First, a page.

My opinion of Ben Stiller is that he can be really good only when he has the right script and director behind him. He was great in Wes Anderson's The Royal Tenenbaums but he was not in Zoolander, co-written and directed by Stiller himself. Stiller also directed The Cable Guy, so yeah, you know what I'm saying. Along Came Polly was written and directed by John Hamburg, who co-wrote another Stiller hit, Meet the Parents. But he also co-wrote Zoolander. Unfortunately for Stiller, and moviegoers, the Hamburg who wrote Zoolander showed up on the set to Along Came Polly, and while there are some very very funny parts in this movie, there are more that are just plain, well, Zoolander.
Along Came Polly is a movie about this paranoid pansy named Reuben Feffer (Stiller). He analyzes risk for a life insurance company so he spends his whole life on this straight-and-narrow plan where he, for example, can't eat peanuts at a bar or play basketball with guys who don't wear their shirts. He lives his life by the percentages, and he's as organized as they come. But there's a big monkey wrench thrown in the works of his plan when his new wife leaves him on his honeymoon for a buff (in more ways than one) scuba instructor (Azaria). So he's lonely and depressed for awhile until, yeah, you guessed it, along came Polly (Aniston). Polly Prince, that is, who he knew briefly as a child and who as a very-hot adult (damn you Brad Pitt!), will turn his life upside down.
There were a few things that surprised me in this movie. The thing that surprised me the most is how built Hank Azaria got for this movie. Maybe he was that built all along, but I didn't expect that at all from a guy who's best known for providing many of the voices on The Simpsons. Another thing that surprised me was that the normally-great Jennifer Aniston and Phillip Seymour Hoffman were, for the most part, off their marks. While Aniston seemed like the perfect actress to portray Polly, and she does do a fairly decent job, the role was so dumbed-down, especially compared to her great performance in The Good Girl, it surprised me that she took the part. O.K., Bruce Almighty wasn't that good, but she was pretty good in it. And Hoffman turns in probably his worst performance here. Some of his bits were funny, though. I couldn't stop laughing at the "Let it rain!" parts where they're playing basketball and he can't make a shot to save his life. But overall his performance as a washed-up actor falls well below his other great performances in the last few years. But the only pleasant surprise was the great performance from Alec Baldwin. This movie really needed more of him, and less of Hoffman, because Baldwin is just hilarious and on-point as Reuben's eccentric boss Stan. Or as Stan would say, his performance was "Good things."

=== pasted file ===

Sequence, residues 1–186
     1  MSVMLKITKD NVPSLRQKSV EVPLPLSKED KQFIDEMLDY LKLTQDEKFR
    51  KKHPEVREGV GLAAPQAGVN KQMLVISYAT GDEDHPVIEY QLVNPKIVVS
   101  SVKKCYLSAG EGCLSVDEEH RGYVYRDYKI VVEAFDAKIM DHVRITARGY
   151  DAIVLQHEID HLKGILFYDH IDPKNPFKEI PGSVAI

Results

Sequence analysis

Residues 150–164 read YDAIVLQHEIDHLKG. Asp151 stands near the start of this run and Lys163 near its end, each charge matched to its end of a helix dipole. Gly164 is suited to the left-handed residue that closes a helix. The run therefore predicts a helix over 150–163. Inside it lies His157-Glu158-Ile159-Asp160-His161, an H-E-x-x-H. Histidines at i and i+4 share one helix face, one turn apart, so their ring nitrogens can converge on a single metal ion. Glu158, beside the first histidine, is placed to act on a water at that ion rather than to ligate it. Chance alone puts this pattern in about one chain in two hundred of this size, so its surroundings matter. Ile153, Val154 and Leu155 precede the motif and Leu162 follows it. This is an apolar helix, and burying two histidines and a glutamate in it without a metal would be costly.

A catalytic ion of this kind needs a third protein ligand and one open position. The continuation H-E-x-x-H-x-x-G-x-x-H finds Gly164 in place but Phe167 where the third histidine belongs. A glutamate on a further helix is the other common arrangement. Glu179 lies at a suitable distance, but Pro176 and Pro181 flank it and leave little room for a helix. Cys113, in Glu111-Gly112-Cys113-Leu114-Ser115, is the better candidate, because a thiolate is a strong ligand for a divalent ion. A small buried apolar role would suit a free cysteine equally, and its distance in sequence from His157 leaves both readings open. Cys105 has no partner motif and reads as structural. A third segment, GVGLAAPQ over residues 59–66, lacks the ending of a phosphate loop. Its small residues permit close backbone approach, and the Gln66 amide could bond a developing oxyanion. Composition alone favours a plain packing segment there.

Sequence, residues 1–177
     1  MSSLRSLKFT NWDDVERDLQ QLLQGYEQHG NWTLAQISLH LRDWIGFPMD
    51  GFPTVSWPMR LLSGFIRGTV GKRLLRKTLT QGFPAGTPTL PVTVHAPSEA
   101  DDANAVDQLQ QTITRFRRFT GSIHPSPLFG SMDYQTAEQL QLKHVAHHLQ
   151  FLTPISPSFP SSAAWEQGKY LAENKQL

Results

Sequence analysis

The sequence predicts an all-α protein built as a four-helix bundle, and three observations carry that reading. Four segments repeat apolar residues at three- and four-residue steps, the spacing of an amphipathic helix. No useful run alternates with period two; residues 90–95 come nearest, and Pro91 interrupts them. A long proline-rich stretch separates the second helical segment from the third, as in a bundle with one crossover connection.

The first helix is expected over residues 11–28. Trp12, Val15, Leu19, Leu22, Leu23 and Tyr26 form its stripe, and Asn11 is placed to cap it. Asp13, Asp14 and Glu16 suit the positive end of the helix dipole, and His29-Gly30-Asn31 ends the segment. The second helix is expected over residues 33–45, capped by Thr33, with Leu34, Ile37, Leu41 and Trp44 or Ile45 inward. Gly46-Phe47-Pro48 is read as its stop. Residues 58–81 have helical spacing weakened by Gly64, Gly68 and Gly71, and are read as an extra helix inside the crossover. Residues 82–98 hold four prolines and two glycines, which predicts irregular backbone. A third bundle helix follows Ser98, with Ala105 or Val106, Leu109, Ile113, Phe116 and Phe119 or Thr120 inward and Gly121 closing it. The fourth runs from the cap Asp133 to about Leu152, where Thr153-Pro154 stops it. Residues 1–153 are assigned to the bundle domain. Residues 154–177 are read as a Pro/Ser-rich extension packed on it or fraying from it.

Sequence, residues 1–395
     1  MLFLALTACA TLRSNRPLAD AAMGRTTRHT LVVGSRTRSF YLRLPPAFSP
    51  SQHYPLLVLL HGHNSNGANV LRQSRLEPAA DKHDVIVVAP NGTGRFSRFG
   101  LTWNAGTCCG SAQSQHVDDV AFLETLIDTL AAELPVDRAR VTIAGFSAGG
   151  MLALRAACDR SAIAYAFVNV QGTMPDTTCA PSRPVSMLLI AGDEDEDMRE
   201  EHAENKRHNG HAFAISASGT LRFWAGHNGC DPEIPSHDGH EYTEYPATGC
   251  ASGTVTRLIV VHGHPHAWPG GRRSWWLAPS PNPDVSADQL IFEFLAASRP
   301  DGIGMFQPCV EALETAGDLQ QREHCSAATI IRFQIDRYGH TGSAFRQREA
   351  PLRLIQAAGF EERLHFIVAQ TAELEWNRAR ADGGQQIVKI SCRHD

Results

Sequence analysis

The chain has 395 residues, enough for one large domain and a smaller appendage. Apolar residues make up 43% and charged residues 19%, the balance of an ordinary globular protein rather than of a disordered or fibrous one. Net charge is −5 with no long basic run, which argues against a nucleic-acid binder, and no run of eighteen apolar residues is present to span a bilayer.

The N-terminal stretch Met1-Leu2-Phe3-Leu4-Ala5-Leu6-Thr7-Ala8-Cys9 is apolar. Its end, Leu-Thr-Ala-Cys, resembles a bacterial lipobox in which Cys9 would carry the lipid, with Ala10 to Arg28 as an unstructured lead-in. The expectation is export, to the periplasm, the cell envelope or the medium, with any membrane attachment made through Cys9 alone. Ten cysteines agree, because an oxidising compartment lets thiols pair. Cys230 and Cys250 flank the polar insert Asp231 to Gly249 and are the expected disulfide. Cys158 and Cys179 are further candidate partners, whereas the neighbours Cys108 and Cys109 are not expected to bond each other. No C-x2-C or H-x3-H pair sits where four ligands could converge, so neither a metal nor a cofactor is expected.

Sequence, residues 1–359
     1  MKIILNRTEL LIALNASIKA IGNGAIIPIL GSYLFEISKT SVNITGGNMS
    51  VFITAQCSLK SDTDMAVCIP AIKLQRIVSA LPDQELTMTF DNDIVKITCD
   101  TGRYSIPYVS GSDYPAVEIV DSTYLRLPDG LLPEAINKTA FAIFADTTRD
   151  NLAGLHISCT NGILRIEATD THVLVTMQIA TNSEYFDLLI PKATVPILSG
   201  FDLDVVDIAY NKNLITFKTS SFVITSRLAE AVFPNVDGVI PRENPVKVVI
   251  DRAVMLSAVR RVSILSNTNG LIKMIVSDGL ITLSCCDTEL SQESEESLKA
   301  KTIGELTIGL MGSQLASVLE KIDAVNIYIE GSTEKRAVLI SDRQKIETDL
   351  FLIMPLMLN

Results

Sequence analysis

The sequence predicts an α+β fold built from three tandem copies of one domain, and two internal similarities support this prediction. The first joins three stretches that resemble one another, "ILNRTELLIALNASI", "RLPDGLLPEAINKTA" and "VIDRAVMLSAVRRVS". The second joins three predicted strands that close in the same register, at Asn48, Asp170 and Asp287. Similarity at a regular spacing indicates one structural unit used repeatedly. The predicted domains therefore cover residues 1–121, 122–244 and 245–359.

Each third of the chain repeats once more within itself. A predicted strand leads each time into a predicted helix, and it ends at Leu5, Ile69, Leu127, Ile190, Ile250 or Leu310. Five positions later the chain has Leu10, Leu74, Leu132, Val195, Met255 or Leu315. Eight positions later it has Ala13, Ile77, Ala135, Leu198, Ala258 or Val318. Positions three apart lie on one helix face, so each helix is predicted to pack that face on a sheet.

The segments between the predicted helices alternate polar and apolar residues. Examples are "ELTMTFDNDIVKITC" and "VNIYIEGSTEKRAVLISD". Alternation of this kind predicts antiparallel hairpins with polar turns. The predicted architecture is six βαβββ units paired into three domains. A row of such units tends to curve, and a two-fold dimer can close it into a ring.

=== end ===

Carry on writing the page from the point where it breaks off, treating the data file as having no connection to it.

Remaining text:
And then there was Stiller. Yeah, not so "Good things." If you haven't noticed over the years, Stiller pretty much plays the exact same guy in almost every movie he stars in. There are a few notable exceptions such as his wonderful performances in "Permanent Midnight" and "The Royal Tenenbaums," but for the most part, he plays the same guy: the shy, nice guy who's afraid to make changes in his life until Act III in the movie tells him to. Well, he's that guy again in this movie, and it's just getting old. When he goes outside the proverbial box of this type of character, he's usually pretty good. It just seems that he doesn't want to go outside of this character that much. It's just the same old song-and-dance for Stiller here, and while it might have worked on some level with There's Something About Mary, it just doesn't work here.
The script here is as predictable as they come. I'm sure you could surmise what happens in the whole movie from just watching the trailer. I know I did. There is some nice dialogue from Baldwin's Stan character, and some pretty funny bits here and there, like Aniston purposefully filling glasses with the wrong wine in her waitressing job. But when you watch the movie, there are so many bits and pieces blatantly stolen from other movies it's sick. Let's see, the plot is a sort-of weird hybrid from parts of The Wedding Singer, Anything Else, Saving Silverman and probably a ton of other movies that I just can't recall right now. They steal the overflowing toilet bit from Dumb and Dumber and they even stole from the wonderful Kevin Smith's Silent Bob character, with Reuben's father who never speaks in the movie, except for one profound line at the end. I mean, come on. But, for all its faults, the story does flow fairly nicely and there's a nice transformation of Reuben's character, even though it's unoriginal and predictable.
Director John Hamburg is decent at the helm, but it seemed like he either wanted too much or too little out of his characters. There are also some just terrible transitions between scenes, notably one where the big yacht Stiller and Aniston are on, as the guest of a rich guy who needs life insurance, crashes into a rock, and the next scene is the three of them on a lifeboat. I mean, they didn't need a Titanic-like sinking scene here, but there could've been a lot more.
Along Came Polly is a movie about how opposites attract, I guess. There is some stuff here that we haven't seen before, but there's a lot more that we have seen here. The few things that are funny, are very very funny. But the rest is, well, remember Zoolander?